Indeed correct, mine was so bright it's now adjusted to absolute minimum brightness to get the correct colour balance and brightness. (Along with a slight gamma correction)
    Last edited by fastr1red; 01-07-2011 at 12:32pm.
    Currently using;
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    Sigmas 50/1.4EX, 17-50/2.8, 50-500 Bigma
    Tokina 11-16/2.8

    Lotsa other bits.

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    Member James T's Avatar
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    Also remember that you're dealing with reflected and transmitted light. Prints will never appear as bright and punchy as an image on screen, and how you prepare a file for print is different to how you prepare a file for viewing online.

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    Member alanmill's Avatar
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    Screen calibration would be the starting point, but printer profiling / printer setup is the other main cause. Check with the paper to see if includes it's own profile, and instructions on how to use the paper with various applications.
    I use the Ilford galerie paper, and found that to get the correct result, i had to change not only the correct printer profile was used, but change it from absolute to relative colorimetric under renderig intent. Other things like turning off the colour management on the printer.

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    A royal pain in the bum! arthurking83's Avatar
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    An alternative to purchasing a screen calibrator, you could also get a nicely exposed image printed at a high quality printing service, making sure that you see the image on their screens before you actually get it printed. Their screens will be calibrated.
    If print output is a common final output result you're after for your images, it pays to do this.
    Once you have a nicely sized print of one of your images, and I reckon A4 would be the minimum size you want too, or better yet, the same size as your current screen is, and so once you have this print back at your PC with the screen on and the image on display, adjust the screen's brightness and colour levels to closely match that of the print.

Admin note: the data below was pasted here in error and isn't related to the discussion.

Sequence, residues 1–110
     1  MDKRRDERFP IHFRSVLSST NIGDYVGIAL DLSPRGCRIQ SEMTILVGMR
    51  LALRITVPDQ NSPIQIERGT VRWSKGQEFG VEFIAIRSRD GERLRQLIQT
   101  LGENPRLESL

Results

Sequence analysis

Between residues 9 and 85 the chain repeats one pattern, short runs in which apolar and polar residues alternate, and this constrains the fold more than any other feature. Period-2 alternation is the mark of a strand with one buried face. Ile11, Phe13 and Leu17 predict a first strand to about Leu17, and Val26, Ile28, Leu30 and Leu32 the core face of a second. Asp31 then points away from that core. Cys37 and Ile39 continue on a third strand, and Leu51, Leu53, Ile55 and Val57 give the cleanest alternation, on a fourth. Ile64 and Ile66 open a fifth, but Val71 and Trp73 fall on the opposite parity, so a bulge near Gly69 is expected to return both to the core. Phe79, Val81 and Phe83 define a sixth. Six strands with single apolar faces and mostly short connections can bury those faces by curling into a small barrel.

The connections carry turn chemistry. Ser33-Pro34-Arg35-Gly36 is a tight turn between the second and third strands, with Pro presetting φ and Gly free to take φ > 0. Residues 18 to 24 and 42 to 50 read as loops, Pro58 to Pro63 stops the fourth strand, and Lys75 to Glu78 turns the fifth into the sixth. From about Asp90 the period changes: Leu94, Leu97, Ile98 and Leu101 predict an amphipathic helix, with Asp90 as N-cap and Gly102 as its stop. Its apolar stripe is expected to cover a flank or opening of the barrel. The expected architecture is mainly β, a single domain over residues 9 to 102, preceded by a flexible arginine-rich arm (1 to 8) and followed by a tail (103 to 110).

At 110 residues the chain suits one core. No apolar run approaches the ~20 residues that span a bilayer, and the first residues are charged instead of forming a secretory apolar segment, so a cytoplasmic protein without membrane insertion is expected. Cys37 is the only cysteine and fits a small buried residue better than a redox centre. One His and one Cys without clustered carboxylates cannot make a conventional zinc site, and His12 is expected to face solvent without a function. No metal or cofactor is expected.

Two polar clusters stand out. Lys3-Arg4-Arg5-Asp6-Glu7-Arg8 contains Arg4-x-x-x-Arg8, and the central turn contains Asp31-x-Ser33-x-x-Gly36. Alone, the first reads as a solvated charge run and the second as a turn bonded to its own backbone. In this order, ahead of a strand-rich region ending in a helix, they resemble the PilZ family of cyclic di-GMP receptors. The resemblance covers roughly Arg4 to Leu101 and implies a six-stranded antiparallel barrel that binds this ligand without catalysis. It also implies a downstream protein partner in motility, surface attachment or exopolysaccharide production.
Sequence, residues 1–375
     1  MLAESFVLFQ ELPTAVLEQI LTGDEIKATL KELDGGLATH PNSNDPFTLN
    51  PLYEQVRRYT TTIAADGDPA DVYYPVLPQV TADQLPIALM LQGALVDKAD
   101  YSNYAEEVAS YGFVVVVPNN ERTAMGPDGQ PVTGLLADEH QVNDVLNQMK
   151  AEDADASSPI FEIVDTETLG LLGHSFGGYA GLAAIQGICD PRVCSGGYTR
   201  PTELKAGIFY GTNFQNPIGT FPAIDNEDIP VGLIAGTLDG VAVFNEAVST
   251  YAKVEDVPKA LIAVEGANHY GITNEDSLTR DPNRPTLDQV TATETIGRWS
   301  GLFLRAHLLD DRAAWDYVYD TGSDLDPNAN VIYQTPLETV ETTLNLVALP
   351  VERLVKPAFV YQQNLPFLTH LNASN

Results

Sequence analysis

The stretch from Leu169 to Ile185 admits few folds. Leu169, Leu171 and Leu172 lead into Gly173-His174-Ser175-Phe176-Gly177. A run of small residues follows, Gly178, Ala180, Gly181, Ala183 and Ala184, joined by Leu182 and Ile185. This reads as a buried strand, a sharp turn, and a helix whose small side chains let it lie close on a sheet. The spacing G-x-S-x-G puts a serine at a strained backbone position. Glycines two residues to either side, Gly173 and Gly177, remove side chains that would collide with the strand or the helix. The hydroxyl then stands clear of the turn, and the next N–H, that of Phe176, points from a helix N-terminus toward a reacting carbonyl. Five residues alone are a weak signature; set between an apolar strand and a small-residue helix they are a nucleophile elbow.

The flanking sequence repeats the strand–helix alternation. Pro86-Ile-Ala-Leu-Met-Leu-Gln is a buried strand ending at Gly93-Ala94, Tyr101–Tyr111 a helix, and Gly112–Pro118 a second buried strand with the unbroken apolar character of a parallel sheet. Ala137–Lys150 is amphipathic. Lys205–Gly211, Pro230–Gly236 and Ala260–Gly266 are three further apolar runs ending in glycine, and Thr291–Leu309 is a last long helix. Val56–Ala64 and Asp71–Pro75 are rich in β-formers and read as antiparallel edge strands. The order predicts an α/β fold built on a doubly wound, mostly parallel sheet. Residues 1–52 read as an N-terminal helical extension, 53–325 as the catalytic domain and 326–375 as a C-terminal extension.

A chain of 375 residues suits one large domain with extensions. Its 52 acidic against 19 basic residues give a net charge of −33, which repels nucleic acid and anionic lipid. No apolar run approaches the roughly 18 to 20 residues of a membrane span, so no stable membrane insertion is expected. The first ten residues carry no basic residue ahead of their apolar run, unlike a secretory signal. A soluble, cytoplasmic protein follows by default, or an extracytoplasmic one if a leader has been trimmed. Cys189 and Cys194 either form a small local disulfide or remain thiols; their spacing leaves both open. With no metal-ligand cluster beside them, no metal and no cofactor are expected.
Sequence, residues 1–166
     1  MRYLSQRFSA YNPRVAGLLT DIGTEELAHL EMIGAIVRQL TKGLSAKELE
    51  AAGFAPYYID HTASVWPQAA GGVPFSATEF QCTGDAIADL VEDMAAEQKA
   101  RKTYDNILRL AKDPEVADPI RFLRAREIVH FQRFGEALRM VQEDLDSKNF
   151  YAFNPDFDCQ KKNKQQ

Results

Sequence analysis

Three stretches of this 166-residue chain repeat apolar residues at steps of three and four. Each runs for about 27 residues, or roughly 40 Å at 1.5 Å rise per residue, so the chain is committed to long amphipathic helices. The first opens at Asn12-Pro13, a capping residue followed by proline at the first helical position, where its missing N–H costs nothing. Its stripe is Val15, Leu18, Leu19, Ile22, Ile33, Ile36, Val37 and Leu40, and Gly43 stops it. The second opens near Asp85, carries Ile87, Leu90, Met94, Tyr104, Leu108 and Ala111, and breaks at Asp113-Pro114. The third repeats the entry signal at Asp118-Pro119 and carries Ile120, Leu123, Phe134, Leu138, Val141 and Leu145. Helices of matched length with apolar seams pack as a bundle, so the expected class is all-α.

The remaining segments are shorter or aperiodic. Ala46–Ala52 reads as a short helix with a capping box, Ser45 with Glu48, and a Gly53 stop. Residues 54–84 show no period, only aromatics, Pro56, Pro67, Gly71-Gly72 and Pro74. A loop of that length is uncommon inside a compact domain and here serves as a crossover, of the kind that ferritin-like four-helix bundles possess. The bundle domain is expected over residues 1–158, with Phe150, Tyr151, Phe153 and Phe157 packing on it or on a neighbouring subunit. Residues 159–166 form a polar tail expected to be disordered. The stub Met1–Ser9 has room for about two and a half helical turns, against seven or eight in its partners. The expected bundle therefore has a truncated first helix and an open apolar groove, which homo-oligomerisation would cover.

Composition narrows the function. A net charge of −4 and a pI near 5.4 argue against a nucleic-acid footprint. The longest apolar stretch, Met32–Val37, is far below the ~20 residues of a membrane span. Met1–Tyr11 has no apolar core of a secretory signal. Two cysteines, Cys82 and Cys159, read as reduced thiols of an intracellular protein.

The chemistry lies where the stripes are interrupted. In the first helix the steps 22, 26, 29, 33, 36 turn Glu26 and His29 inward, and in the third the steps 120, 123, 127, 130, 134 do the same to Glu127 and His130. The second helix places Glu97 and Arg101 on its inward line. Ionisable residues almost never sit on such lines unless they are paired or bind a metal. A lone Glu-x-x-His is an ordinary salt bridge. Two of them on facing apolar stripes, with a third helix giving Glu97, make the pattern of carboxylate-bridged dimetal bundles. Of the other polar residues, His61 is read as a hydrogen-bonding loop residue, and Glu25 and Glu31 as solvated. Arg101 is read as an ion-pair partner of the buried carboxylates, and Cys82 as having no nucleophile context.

I've confirmed my screen's calibration by doing this using two distinctly different prints, and it should be close enough.
    Only caveat is to watch out for those dastardly 'warm' compact fluoro lights!
    Yeah! I was one of those that was forced into greenieness, in having to purchase a replacement globe and the only one that appeared to be close to incandescent looking was the warm CFL lighting type.
    BAD mistake, and I've since replaced them all with the cooler WHITE types, which give off a much more even colour spread. The warm types seem to give off this greeny tint, that makes it harder to judge colour accuracy.
    Some of the cooler whites also give off a tint(I've found red to be more predominant) but I recently found a brand of lighting that produces a better CRI index, than the off the shelf CFL globes from your local supermarket.
    Got them from a specialist lighting supplier, after chatting to him about CRI indexes AND affordable pricing(two mutually exclusive terms! ).

    The point is that; using a known baseline output level, you can still achieve a standard level of quality output.
    So don't simply 'calibrate' your screen and assume it's done and dusted and you're set to go. You may be happy enough with the comparative rendering of the two different output formats, but there may still be subtle differences(and there is a high likelyhood that there always will be).
    In the end, I made the slightest tone adjustment to my screen to suit the two prints.